[Samba] How to do nonblocking writes to CIFS networkshares?

Sebastian Rasmussen sebastian.rasmussen at axis.com
Thu Jan 22 03:50:51 MST 2015


I'm new to this mailing list, so please help out if I'm adressing the 
wrong forum. :)

I'm working on an application accessing a mounted networkshare. Under 
normal circumstances there is no problem accessing reading and writing 
to the networkshare using POSIX open(2)/read(2)/write(2) etc. However if 
there is intermittent connectivity problems to the networkshare my 
application experiences calls blocking for long periods of time when 
accessing the missing networkshare. I have e.g. observed write(2) calls 
being blocked for up to 5 minutes.

Worth noting is that my samba 4.1.13-based networkshare is running on a 
Linux 3.14.15 server and is mounted from a Linux-3.14 client system like so:
mount -t cifs -o nounix,noserverino,nobrl // 

In order not to block in these POSIX calls I attempted to open(2) the 
file for writing using O_NONBLOCK and then use select(2) to try to 
determine if the file descriptor was writable before attemping to call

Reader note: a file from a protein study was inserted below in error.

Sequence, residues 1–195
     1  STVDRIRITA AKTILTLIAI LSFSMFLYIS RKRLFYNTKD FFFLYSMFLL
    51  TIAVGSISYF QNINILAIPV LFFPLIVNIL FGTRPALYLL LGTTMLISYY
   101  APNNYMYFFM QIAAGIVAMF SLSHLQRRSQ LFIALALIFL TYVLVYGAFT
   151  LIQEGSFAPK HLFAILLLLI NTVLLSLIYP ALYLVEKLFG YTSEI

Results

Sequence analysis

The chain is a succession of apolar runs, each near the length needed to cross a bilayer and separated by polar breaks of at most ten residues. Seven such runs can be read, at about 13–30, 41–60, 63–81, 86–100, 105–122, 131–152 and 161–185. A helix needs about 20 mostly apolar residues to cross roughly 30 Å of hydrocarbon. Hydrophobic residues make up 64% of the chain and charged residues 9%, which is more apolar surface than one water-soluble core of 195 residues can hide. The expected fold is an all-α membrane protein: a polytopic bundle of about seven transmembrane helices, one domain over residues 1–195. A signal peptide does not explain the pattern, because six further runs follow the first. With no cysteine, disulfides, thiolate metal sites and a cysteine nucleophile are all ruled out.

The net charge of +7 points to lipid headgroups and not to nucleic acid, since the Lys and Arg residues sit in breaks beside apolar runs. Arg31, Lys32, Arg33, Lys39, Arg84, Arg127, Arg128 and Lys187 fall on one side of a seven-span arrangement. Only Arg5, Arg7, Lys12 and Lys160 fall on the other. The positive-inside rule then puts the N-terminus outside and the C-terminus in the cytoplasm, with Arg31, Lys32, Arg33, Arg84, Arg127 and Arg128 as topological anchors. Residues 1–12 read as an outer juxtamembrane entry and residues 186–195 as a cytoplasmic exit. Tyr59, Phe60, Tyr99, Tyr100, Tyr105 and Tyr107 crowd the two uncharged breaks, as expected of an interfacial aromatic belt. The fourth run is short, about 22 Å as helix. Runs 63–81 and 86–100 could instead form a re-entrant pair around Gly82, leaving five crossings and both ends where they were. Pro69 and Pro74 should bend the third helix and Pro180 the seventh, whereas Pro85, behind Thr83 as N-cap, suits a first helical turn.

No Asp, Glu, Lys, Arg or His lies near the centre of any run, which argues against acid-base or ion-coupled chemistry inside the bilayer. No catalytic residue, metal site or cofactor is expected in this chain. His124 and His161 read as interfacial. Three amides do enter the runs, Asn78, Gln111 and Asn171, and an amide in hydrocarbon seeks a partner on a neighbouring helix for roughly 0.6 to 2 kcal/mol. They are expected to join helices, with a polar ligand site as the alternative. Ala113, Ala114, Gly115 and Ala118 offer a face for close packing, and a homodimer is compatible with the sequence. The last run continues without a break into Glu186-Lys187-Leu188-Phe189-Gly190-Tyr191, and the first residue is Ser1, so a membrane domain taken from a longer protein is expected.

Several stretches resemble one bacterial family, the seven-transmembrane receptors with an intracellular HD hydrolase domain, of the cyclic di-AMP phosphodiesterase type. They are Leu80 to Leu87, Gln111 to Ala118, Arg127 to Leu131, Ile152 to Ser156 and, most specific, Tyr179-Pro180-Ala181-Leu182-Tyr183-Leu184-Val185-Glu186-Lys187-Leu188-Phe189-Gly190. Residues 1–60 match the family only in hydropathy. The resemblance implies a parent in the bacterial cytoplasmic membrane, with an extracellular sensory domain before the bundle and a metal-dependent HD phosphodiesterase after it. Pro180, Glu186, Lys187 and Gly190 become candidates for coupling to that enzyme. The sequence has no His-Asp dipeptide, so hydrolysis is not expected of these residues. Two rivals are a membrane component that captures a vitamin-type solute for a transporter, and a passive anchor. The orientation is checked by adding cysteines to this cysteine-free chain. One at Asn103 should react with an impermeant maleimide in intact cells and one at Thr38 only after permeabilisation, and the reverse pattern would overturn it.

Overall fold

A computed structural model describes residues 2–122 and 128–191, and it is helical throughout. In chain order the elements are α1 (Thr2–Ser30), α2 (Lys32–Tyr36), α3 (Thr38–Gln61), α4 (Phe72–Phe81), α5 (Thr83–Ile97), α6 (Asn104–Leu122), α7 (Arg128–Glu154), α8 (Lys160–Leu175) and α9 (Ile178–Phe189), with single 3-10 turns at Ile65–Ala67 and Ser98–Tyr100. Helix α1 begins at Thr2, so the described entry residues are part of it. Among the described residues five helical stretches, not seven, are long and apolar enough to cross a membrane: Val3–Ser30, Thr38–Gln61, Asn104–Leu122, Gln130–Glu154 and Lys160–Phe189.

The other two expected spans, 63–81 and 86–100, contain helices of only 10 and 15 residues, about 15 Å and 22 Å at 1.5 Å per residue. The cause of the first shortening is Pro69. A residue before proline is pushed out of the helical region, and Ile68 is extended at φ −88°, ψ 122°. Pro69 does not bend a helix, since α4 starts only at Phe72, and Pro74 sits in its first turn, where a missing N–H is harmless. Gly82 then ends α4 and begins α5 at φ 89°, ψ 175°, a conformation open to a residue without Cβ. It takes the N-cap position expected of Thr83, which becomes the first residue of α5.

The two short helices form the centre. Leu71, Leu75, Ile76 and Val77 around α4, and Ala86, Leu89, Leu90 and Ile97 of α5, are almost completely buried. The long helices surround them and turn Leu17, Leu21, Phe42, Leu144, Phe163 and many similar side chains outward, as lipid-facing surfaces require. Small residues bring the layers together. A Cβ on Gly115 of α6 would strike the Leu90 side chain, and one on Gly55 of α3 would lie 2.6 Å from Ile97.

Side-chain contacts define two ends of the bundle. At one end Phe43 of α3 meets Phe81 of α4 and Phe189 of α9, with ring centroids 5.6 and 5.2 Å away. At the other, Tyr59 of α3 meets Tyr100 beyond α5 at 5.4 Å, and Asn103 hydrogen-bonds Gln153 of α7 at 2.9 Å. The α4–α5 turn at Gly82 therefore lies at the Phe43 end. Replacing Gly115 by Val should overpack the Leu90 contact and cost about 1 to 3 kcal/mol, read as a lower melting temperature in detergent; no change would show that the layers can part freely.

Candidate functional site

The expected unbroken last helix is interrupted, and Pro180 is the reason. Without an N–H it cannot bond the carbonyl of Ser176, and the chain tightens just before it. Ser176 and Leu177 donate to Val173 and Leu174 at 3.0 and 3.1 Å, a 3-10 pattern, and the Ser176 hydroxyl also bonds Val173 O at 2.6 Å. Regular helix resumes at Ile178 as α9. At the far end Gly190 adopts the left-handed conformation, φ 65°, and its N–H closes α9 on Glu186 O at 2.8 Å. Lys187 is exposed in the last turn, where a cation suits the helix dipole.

write(2). The idea being that if the fd claims not to be writable the 
application then has a chance to both wait in the select(2) call for a 
reasonable time and also try to timeout and let the application fail 
gracefully, should it detect that it cannot write to the fd. I assume 
that any previously successful writes may not have been transferred to 
the networkshare, but instead have been cached in the page cache to be 
transferred if the networkshare responds again (within the ~5 minut 

My attempt resulted in the application being able to write lots of data 
to the share while it was unavailable, and the timeout in select(2) was 
never triggered. This was a surprise to me as I expected the fd to 
indicate that it was blocking at some point and that the timeout would 
be triggered.

Now, I need some advice: Have I glossed over something fundamental about 
how CIFS networkshares work? Is it possible to write applications that 
will not block indefinitely (5 minuts would be considered indefinitely 
in my application)? If yes, then what alternatives exists to O_NONBLOCK 
to do this?

  / Sebastian

PS. I contemplated fusesmb but it doesn't look like it handles 
O_NONBLOCK or similar either, so I think that is not viable.

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